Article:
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When I stepped into the subway car parked on the fourth floor of the Whitney Museum, I was standing in a life-sized cartoon. The floor heaved beneath my feet and I could hear the train rattling on the tracks. The papier-mâché passengers had lavish faces four times the size of mine and they were doing things that subway passengers always do: reading newspapers, staring at the doors, holding things on their laps. There were spaces for visitors to sit and so I did, just to stop in disbelief. This personable creation was more than a sculpture. It was a habitation.

This was my introduction to Red Grooms’s Ruckus Manhattan, a decade after the debut of the “sculpto-pictorama” installation. Ruckus was a walk-through, hands-on collection of moving sculptures. It positively boiled with energy, New York energy with all its absurdity and its constant, pounding motion. I practically walked into the jaws of a giant dragon made of money, wrapped around the Woolworth Building and chomping at visitors. I laughed aloud. I took my turn getting stuck in the revolving door. The layers of color and caricature were the most vivid I have ever seen.

I missed Ruckus Manhattan’s 1976 debut, but I have heard stories. It belonged to a time when New York City was filthy, dangerous, and bleak, when even a walk was a risk. It was into this that Ruckus Manhattan erupted, alongside punk rock, gonzo journalism, and body art. It said something. It shouted into the city’s decline as if to say, “Hey, people! Look at city life! It’s hilarious. Soak it in, you gorgeous denizens of irony!”

How disappointing, then, is the Marlin’s “sculto-pictorama,” Homer. He is Ruckus Manhattan in form only. Colors layer upon colors, caricatures layer upon caricatures, and he is fun enough, I suppose. He animates to home runs in a swirly kind of way that makes me think of ice cream. But Homer doesn’t say anything. The social commentary is missing. Where is Grooms’s extravagant embrace of a slightly crazed humanity? Humanity is missing altogether! Poor Homer is just functional, which is about the last thing you want said about you, if you are supposed to be a work of art. All Homer manages to say is “Whee!” The CGI screen can say “Whee!” It can go one step further and just read, “Applause.”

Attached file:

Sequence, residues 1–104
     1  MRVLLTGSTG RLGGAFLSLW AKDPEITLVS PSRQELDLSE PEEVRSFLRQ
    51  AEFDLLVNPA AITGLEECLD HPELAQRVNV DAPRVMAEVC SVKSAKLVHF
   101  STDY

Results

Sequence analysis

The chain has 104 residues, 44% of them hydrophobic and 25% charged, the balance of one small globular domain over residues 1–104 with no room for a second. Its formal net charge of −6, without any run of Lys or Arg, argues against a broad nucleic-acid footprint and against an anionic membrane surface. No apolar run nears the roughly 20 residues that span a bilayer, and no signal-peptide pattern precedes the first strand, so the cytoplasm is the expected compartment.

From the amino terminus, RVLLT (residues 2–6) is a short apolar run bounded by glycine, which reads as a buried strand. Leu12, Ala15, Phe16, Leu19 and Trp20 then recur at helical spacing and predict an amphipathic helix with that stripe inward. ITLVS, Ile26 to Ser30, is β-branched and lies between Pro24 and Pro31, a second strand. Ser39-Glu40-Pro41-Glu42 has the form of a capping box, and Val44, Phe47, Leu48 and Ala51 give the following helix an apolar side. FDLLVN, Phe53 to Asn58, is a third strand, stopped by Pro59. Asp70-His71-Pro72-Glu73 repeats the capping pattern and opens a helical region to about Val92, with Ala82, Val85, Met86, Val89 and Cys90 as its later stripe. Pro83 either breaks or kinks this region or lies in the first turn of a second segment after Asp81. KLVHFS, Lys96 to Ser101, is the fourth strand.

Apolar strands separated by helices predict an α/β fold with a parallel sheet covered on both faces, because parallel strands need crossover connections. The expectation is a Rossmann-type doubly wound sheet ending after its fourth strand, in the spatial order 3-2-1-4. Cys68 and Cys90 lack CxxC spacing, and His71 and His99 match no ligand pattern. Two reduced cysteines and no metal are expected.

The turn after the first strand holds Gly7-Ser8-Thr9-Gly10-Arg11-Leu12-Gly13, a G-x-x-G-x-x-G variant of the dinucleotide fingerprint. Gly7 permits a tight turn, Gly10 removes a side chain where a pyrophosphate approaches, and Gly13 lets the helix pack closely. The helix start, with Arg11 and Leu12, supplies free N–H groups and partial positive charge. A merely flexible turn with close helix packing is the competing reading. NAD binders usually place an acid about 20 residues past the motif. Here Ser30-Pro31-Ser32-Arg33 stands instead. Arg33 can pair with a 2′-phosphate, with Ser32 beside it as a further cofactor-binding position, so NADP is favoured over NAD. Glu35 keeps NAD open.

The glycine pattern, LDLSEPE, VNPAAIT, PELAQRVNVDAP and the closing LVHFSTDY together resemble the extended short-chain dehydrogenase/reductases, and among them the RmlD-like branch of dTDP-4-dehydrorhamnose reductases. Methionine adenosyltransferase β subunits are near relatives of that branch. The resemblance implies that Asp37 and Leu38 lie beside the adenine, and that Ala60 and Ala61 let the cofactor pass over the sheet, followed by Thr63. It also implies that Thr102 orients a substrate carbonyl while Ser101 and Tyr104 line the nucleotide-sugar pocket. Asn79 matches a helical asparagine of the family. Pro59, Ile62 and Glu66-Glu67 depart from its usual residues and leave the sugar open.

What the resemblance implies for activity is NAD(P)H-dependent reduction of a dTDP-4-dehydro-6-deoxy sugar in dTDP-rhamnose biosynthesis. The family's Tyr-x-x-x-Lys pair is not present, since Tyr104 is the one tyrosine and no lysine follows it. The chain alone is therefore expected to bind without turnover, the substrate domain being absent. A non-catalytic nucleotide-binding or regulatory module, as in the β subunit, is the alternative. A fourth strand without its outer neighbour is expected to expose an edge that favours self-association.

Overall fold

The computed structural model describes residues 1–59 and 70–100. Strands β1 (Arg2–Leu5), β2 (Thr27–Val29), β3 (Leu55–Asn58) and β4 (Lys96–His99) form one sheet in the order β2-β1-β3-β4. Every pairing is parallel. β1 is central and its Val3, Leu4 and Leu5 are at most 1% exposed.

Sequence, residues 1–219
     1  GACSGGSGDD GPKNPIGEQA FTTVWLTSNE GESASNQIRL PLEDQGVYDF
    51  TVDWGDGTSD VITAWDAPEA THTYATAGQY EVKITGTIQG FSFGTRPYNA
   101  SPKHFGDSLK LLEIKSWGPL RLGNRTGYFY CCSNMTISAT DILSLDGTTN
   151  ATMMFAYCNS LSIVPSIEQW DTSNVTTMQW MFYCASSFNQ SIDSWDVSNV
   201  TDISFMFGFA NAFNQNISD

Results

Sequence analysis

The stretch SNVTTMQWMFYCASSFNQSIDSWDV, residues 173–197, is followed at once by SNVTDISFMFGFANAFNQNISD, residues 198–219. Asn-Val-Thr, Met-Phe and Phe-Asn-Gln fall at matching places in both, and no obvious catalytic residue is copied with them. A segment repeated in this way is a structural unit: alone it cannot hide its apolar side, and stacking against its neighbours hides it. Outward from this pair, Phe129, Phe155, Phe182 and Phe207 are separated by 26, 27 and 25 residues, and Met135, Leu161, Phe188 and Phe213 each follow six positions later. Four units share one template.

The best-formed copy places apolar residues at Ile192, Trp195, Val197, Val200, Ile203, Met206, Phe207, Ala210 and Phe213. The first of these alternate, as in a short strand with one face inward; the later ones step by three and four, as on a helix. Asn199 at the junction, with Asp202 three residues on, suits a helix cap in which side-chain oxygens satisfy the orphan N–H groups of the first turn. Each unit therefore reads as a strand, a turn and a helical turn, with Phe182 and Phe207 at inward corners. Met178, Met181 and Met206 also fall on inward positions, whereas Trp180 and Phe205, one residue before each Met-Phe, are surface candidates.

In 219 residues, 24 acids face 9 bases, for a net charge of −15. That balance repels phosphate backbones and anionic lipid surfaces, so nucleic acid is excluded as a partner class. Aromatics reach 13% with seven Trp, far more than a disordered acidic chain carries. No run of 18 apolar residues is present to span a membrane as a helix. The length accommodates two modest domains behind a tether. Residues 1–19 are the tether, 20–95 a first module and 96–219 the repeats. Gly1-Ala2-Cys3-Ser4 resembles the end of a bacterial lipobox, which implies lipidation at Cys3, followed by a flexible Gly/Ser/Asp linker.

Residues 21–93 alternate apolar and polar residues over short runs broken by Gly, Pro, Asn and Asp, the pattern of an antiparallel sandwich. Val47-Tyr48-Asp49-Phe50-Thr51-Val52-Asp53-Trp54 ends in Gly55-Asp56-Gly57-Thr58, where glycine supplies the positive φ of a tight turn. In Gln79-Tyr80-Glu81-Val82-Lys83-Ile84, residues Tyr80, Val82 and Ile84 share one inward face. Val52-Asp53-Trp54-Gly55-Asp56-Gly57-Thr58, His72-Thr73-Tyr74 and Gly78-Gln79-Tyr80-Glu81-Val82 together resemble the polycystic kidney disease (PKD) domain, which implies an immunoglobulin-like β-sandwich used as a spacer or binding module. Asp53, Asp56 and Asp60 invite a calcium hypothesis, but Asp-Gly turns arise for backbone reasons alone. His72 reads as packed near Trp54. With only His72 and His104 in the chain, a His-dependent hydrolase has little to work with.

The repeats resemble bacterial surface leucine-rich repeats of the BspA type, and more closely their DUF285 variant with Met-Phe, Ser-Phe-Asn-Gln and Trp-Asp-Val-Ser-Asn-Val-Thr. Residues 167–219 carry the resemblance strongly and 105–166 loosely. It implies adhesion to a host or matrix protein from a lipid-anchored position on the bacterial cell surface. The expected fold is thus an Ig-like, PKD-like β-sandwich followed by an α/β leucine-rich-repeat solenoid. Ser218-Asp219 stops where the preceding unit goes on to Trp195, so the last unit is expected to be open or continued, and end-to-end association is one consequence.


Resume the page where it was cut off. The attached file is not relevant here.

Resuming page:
Now, Homer is moving. Maybe he will get a second chance, sitting outside Marlins Park, or double down on its own garishness in some minor league stadium parking lot. Time will tell if he learns to speak, or what he will say if he does. I hope that in situ, Homer will say what Ruckus Manhattan said all those years ago: “You gorgeous, crazy, kitschy people, I love you!” And he will say it Miami-style.


There was blood, if not from bodies then in the air. And rain, rain to wash it away. First was the so-called football tackle of Fred Merkle by the great Christian Gentleman himself, who later laughed it off like something he had heard at the cinema, a passing joke worth five cents and a beer. There were stolen signs, the bastards, an outrage that drew everything from questioning just what that third base coach was doing in the sixth to wondering if switching the rotation could make recompense. It was by all accounts, a fiasco, a media circus: Mathewson received a gold watch from the denizens of the New York Theater scene—an attempt to woo the burgeoning modern city’s newest celebrity—and Ty Cobb followed them all with pen in hand in an attempt to tell voracious readers just what the boys must have been thinking; he would know.

The Giants came out swinging, taking the first game from Philadelphia 2-1 behind the work of Mathewson–notching his 28th-straight scoreless playoff inning. But then the sun set and rose, and then set and rose again, and he noticed something strange between home plate and first base.

The ensuing hours brought discord. A wrong: something tangible to point to, shouting, an alibi to distract from what Wasn’t but which nevertheless screamed what Should Have. Outcomes which brought with them not expectations of deliverance but instead a promise that it would all go according to plan: instead, the horror of contingency, the controversy over one of the club betraying their own. Surely this would be remembered, etched into the history books as the greatest scandal the game had yet to face. The things, they say, would never be the same.

The next day it rained, and then it rained for five more days and the Athletics went home with the crown. The next year, historical unrest would give way to Theodore Roosevelt falling short second in the US Presidential election as a bull moose, and two years after that the Europe that was no longer. Christy Mathewson was there, in France, and the ground was wetter than he could ever have imagined.

(h/t Andrew Rice and Dan Gomez, for research assistance)   


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